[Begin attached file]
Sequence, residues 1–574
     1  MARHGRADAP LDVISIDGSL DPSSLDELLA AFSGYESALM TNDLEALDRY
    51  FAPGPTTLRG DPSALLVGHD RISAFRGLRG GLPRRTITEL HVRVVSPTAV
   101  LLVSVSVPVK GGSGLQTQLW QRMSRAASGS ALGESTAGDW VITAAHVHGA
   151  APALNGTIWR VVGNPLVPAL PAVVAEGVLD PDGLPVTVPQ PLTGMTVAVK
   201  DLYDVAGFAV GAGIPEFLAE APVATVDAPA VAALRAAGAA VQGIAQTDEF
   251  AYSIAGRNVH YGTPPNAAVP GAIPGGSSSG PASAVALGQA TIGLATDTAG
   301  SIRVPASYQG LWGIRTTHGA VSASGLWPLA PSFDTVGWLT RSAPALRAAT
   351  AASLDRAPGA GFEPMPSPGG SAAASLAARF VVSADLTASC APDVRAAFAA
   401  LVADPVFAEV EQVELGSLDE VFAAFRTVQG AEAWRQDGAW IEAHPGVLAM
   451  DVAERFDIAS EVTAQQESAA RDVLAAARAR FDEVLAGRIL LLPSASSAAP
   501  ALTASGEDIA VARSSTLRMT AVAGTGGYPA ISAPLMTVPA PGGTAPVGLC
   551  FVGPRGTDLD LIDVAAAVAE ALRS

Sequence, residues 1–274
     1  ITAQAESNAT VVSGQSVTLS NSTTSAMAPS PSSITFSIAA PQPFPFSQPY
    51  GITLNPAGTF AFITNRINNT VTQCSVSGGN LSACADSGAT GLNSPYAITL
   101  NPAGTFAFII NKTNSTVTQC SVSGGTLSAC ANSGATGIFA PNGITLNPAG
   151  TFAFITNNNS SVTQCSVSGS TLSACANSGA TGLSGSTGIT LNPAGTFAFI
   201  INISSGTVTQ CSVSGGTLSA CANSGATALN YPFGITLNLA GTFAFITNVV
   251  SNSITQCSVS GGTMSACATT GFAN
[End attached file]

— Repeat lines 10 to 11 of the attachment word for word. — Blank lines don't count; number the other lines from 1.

   401  LVADPVFAEV EQVELGSLDE VFAAFRTVQG AEAWRQDGAW IEAHPGVLAM
   451  DVAERFDIAS EVTAQQESAA RDVLAAARAR FDEVLAGRIL LLPSASSAAP